That is correct.Skeletal animation by itself is a very simple concept, read on it on wiki or other sources. The implementation is also very simple, as long as you know your way around matrices and vector transformations (and if you don't, this is a good time to start reading!)
On Tue, Jun 3, 2014 at 7:09 PM, Francesco Corucci <firstname.lastname@example.org> wrote:
Thank you Chananya. So if my understanding is correct, what I have to do is to bring the model into another software more suitable for animation (such as blender), define the skeleton there, export the model in one of the formats supported by assimp, and try do do skeletal animation in my code exploiting assimp.Am I right?Thank you very much againFrancesco2014-06-03 17:54 GMT+02:00 Chananya Freiman <email@example.com>:
That said, vertex animations still exist on low-end platforms such as simple phones that don't support OpenGL ES 2, where you can't use shaders, and thus can't run it on the GPU. In this case, especially with the weak processors these platforms have, the cost of running skeletal animations might be greater than the cost of consuming more memory, especially since most of the models on said platforms are really low poly and have very little frames to begin with.2) The cost of running skeletal animation is negligible when running on the GPU, unlike olden days when it ran on the CPU and took a considerate chunk of the frame time.1) They consume way too much memory. Imagine a 20K triangle mesh duplicated over thousands of frames.These days the concept of vertex animations is almost never used for two reasons:Skeletal animations uses matrices in a hierarchy representing your model's "skeleton", and every vertex has information as to what matrices affect it, and how much they affect it (by using weights). This requires only a single frame of your geometry, which is usually called the bind pose (but many people call it in many different names, go figure), but it requires processing at real-time to do many matrix-vector multiplications.tl:dr answer: yes, skeletal animations are what you want.Long answer:Vertex animations means you hold N frames of your whole geometry, and you just select the correct one. This uses a lot of memory, but requires no processing at real-time.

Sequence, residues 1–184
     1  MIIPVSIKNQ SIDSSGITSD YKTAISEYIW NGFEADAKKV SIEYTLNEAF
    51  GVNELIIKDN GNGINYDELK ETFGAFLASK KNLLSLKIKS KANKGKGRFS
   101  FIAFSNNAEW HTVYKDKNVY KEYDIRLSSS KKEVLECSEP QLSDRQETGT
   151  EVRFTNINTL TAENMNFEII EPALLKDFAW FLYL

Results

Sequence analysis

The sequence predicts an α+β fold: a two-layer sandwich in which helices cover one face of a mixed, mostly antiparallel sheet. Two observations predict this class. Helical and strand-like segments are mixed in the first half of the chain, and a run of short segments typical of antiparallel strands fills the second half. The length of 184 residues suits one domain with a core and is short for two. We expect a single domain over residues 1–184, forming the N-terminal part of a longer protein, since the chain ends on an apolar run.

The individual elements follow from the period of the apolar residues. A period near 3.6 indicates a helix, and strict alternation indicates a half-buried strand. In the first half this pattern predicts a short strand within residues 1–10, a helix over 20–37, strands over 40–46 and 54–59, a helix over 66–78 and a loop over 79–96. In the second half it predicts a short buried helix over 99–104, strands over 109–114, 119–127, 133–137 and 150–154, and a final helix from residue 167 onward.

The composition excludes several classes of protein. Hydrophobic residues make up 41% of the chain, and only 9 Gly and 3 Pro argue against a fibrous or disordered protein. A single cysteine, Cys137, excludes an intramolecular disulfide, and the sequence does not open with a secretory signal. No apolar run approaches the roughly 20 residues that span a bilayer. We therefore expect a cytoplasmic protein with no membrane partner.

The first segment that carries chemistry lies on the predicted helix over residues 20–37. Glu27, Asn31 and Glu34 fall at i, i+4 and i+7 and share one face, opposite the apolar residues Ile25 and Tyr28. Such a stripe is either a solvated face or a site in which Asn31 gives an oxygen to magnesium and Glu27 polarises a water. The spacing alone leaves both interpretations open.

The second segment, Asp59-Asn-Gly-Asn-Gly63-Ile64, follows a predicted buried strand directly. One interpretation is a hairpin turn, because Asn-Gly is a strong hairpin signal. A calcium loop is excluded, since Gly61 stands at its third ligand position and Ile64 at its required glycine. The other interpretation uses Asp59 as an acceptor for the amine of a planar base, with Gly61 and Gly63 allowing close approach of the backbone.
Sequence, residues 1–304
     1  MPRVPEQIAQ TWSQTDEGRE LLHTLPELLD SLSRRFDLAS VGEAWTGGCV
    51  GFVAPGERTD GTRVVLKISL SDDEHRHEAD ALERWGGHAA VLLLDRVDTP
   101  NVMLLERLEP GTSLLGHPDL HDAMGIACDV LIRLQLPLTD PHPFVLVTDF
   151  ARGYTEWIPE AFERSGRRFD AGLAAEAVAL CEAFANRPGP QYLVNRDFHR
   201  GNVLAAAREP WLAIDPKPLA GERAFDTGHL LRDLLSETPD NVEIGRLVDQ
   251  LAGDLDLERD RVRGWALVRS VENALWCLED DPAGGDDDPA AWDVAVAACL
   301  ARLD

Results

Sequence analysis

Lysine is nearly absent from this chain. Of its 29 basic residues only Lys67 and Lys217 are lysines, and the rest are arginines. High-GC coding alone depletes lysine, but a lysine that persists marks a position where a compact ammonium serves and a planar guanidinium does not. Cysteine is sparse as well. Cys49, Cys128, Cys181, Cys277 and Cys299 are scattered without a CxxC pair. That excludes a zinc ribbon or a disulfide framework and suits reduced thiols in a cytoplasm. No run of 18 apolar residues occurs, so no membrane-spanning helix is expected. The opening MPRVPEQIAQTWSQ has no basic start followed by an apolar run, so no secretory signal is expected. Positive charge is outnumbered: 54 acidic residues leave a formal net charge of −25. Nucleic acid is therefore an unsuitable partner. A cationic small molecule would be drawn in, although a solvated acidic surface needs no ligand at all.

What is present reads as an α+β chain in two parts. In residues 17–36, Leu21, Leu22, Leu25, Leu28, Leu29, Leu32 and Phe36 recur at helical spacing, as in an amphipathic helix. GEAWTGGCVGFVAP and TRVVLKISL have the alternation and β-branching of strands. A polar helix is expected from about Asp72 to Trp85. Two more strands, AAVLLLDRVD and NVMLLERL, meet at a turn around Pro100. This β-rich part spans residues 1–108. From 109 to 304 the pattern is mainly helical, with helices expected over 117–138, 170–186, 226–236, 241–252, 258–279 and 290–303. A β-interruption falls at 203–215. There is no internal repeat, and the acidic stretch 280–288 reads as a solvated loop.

There are two common (are there others?) ways to animate things. Vertex animations, and skeletal animations.
------Now, as to how to actually get this done, SolidWorks doesn't support any kind of animation (beside really primitive key'ing), so you will need to export your model to a modeling software (e.g. 3ds Max, Blender) and finalize the model there.
On Tue, Jun 3, 2014 at 6:17 PM, Francesco Corucci <firstname.lastname@example.org> wrote:
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